Dialing in bucks during the late november rut

Richard Brochu and Gord Ellis Sr. with a late season November buck.  Photo by G. Ellis
Richard Brochu and Gord Ellis Sr. with a late season November buck. Photo by G. Ellis

November is the best time of year to be a deer hunter. When the calendar flips to the dreariest month, weird things happen to the psyche of a whitetail buck. November is the breeding season for deer and bucks in particular get goofy. If there’s ever a time you’ll see a fully mature buck in a compromising situation it’s now. The drive to chase does - and do what God intended - makes bucks lose that usually keen ability to sense of danger. A buck on the rut is on the move, and not always thinking with his big head, if you get my drift.

When I think back over the years I‘ve hunted for deer, the vast majority of my most successful hunts have occurred from mid November on. A few years back I took a small 6 point in mid November, just moments after blowing a chance at a really big buck. Thankfully, the small buck just stood in a field and looked at me as I fumbled with my gun. I’m sure his mind was elsewhere.

Three days later, on a frigid, grey morning, I sat on a snow covered game trail near a fresh scrape and blew softly on a deer call. The weird burping sound of the grunt tube echoed through the woods. In short order, I heard the unmistakable sounds of a deer walking towards me. The deer would stop, and then start. When the buck finally appeared, its head was down on the ground, no doubt sniffing for the other buck that was apparently invading its space. When the deer finally looked up, it saw me staring right back at it not 50 feet away. Although the buck had me made, it stood stock still and just stared. I slowly drew up my rifle and was somehow able to take a bead on it. Any sensible deer would have run like the wind, but this big buck was loopy on love. My hunting partner sacrificed his tag on that 11 point, which was a magnificent animal.

Even big bucks make mistakes during the November rut. One of the most enjoyable thing about whitetail deer hunting during the rut is that the slowly walking through the woods can be very successful. Most modern deer TV hunting shows are focused on tree stand hunts, but mid November weather in Northwestern Ontario is not conducive to sitting comfortably for long periods. When it’s cold and windy, I last about 2 hours in a tree stand. Thankfully, a slow ramble through the November deer woods usually gets the blood moving again.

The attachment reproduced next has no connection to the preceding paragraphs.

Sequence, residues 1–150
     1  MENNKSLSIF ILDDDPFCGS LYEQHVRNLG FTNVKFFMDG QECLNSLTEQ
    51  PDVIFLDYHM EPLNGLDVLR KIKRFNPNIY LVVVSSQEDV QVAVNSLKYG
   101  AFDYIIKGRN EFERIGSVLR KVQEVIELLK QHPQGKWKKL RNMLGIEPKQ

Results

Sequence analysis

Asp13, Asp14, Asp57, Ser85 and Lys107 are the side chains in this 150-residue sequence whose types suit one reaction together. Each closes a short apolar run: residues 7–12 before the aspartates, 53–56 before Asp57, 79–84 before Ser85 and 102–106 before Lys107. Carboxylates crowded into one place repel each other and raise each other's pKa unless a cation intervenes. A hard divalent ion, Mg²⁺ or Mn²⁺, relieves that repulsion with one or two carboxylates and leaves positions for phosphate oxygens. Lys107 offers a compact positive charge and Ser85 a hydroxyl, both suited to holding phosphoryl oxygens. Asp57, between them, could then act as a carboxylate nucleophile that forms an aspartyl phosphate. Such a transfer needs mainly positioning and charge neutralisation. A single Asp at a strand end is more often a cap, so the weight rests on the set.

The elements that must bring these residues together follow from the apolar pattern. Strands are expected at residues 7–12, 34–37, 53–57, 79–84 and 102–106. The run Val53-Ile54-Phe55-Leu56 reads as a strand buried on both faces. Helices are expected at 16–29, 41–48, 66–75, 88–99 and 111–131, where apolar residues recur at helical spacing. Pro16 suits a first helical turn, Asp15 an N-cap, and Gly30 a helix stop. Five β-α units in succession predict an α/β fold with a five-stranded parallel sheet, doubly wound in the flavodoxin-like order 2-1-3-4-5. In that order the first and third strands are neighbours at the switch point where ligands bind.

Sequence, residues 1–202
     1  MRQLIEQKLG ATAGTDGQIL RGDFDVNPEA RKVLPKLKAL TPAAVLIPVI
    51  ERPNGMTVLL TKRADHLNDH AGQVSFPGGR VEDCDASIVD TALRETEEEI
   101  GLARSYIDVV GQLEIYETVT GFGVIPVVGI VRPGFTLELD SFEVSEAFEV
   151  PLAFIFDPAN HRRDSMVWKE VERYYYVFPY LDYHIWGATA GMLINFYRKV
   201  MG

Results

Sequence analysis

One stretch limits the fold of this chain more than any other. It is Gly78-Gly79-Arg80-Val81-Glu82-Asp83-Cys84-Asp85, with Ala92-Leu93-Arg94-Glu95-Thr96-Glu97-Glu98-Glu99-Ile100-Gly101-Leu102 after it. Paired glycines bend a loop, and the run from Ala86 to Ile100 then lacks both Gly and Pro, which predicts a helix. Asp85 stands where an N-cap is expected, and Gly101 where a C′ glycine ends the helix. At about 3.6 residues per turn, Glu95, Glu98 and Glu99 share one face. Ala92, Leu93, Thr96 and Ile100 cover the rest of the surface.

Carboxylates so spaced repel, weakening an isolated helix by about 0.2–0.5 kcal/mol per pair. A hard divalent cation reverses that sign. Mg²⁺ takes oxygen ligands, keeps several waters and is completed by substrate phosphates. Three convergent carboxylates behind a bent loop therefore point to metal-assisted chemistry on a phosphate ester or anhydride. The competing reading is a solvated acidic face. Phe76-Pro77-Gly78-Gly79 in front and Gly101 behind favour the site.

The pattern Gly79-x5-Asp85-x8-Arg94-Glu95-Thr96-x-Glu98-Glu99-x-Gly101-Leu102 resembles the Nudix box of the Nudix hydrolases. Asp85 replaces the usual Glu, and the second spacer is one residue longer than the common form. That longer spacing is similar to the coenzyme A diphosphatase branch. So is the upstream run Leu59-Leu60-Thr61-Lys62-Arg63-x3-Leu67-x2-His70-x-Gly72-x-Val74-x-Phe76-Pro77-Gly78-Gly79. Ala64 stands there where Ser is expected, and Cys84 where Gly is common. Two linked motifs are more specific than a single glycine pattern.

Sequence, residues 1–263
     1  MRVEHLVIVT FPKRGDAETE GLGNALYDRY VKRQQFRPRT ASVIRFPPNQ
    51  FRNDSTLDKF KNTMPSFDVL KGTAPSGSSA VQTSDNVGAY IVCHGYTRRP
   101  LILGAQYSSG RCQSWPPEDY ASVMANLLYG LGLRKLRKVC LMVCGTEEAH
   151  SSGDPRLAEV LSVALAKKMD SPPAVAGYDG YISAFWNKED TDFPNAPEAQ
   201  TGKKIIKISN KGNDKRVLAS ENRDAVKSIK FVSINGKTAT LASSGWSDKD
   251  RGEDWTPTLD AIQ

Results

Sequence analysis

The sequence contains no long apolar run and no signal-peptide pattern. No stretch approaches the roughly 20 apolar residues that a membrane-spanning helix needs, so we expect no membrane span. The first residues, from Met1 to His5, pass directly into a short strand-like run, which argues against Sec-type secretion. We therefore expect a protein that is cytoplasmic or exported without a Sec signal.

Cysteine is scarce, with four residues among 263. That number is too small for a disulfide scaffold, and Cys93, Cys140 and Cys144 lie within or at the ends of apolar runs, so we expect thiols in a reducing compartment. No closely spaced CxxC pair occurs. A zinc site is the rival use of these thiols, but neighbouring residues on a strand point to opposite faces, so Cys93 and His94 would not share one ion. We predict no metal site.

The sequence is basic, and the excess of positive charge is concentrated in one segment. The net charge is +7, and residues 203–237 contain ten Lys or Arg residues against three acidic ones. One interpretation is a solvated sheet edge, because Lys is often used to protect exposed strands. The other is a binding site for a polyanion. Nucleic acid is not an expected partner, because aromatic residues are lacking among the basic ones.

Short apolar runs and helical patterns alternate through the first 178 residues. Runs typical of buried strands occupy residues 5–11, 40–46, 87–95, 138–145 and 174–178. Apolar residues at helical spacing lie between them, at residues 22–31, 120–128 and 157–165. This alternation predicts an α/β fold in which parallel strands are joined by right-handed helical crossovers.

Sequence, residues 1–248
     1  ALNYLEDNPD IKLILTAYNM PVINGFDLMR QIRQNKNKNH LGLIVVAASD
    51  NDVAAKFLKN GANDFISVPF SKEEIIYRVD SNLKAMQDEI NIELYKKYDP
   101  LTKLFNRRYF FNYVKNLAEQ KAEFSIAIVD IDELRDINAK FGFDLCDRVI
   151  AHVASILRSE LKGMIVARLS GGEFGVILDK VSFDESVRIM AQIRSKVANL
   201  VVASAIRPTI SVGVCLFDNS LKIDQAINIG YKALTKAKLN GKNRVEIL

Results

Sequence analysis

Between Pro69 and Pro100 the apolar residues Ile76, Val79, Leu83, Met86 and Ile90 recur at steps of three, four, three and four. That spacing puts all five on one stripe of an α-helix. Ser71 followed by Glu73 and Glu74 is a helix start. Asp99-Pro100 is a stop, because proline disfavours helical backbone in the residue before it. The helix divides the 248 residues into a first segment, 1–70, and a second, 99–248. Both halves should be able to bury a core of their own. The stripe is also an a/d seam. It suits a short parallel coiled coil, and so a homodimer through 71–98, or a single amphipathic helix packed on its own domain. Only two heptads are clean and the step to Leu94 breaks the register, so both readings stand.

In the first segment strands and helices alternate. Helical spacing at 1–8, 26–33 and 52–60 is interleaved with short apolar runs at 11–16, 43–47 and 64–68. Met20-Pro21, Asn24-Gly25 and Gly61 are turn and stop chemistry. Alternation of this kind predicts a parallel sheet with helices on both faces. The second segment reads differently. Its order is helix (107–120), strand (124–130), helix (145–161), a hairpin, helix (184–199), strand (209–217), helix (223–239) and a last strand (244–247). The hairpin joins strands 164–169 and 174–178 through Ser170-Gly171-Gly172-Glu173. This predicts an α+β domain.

The key to still hunting during the deer rut is stealth. Use your ears to pick up unusual sounds and your eyes to catch movement. You can’t move too slowly when you still hunt deer, but you can definitely move too fast. Bucks in the rut are not as alert as normal, and will spend a fair bit of time with their nose down on the trail. This affords the hunter the rare chance to actually see and creep up on a whitetail buck. If you see a deer, move only when it’s looking away or down. If the buck catches your movement, you have two choices: Stand stock still and hope it decides you aren’t a threat; or slowly put your gun up and shoot. A quick movement is considered danger and will quickly snap them out of that rut haze.

I’ve become a big believer in calling for deer, and always stop to give a little grunt while on a stalk. If a rutting buck is near, it will not ignore a grunt call. Don’t over-use the grunt call though. Keep them spare and infrequent. I like the higher pitched thin grunt calls most of the time. The best tool for this type of finesse grunting is still the Quaker Boy Ridge Runner. It is not very loud, but if a big buck hears it and is close by, I’ll put money on it checking things out. A bleat or doe call can also be effective. Just don’t over do it.

Late rut bucks will be looking for does, so keep that in mind. If you see a lot of small doe tracks in a piece of woods, a big buck is somewhere close by. The does will often try to hide from the bucks, to avoid being harassed, but they never can stay hidden for long. The bucks sniff them out. Look for new scrapes in the snow or obvious signs of fresh rubs. If you have snow, and see that bark has been peeled off the tree on top of new snow, there is generally a buck close by. Rub lines are a great indicator of regular buck traffic.

Deer hunting doesn’t get better than the late November rut. If you love venison, it‘s time to get serious.